In the name of “competitiveness,” now even Greeks working in the private sector are being pressured to accept wage cuts. (Reductions in public sector salaries and state-funded pensions are a foregone conclusion.) Competitiveness is jargon for reducing the prices of Greek goods and services, so that more of them can be sold. The assumption is that if Greek firms could pay their workers less, then firms could lower prices to match or beat those of imported goods, sell more of their wares, increase revenues, expand their enterprises by hiring more workers, pay more taxes, and generally create a free market utopia. To say it another way, Greece isn’t the entrepreneurial wonderland it ought to be because workers apparently get paid more than workers in other countries. So to increase competitiveness also means that Greek workers must vie with workers elsewhere producing similar goods and services. In such discussions, people like to cite tourism as the one industry where Greeks could increase competitiveness so they can outdo their counterparts in say Turkey, Italy, or Croatia, which all offer tourists a Mediterranean vacation. But the competition isn’t just regional; it’s global. So Greek waiters and hotel maids are ostensibly competing with waiters and maids in Vietnam and Mexico and every other place.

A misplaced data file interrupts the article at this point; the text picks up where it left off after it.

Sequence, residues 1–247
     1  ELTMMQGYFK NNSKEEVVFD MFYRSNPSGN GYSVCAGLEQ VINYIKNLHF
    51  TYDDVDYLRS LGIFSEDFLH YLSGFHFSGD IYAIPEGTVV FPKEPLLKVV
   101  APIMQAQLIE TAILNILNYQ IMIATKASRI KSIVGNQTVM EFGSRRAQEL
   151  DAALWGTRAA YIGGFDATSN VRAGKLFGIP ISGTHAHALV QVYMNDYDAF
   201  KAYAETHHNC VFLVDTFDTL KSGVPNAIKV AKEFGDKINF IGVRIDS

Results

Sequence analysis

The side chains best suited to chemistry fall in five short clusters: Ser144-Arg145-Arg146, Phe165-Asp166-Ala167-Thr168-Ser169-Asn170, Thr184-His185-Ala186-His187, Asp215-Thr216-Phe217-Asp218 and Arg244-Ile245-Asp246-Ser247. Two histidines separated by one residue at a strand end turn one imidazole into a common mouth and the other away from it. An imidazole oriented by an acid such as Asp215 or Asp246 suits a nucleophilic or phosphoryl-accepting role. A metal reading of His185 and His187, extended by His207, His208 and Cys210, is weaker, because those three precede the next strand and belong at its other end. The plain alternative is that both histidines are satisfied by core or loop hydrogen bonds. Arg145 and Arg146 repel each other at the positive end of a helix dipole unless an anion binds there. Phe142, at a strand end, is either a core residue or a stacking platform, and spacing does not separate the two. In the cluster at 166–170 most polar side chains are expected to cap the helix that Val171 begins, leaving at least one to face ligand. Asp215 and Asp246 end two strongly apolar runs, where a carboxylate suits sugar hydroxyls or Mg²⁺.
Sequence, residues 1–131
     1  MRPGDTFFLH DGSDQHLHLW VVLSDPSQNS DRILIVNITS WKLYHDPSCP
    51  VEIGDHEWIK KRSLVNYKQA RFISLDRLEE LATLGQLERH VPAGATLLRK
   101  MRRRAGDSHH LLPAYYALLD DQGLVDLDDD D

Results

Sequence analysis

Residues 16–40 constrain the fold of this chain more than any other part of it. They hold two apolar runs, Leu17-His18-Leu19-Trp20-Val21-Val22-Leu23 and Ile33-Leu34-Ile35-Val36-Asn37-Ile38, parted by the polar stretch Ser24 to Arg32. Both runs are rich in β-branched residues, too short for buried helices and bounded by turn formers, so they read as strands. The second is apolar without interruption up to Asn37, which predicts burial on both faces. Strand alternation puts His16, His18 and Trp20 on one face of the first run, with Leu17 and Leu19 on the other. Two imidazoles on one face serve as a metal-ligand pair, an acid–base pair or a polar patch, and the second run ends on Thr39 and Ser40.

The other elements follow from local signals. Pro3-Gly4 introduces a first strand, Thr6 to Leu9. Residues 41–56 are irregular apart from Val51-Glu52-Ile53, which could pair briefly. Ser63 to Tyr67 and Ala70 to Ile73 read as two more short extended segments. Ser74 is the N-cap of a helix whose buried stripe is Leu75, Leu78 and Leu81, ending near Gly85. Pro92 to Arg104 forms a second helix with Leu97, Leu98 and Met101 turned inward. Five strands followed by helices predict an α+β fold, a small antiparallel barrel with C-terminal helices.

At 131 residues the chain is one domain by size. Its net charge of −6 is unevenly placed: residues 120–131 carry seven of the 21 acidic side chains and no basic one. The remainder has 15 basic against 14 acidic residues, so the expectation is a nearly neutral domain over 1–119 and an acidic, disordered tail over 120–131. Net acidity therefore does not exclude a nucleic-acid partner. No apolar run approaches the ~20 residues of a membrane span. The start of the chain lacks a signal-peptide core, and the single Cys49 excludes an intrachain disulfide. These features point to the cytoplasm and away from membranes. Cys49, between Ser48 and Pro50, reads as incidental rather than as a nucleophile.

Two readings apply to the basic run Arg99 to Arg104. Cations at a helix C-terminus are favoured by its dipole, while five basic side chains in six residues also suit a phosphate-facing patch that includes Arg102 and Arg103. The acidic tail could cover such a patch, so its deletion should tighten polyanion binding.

What’s not clear in this economic calculus is when exactly Greece, or any other country, is competitive enough. When are private-sector salaries low enough? When is the competition won? And who decides? The International Monetary Fund and the Hellenic Federation of Enterprises, long known as champions of social justice, have been the most vocal advocates of the wage cuts. Let’s leave it to them.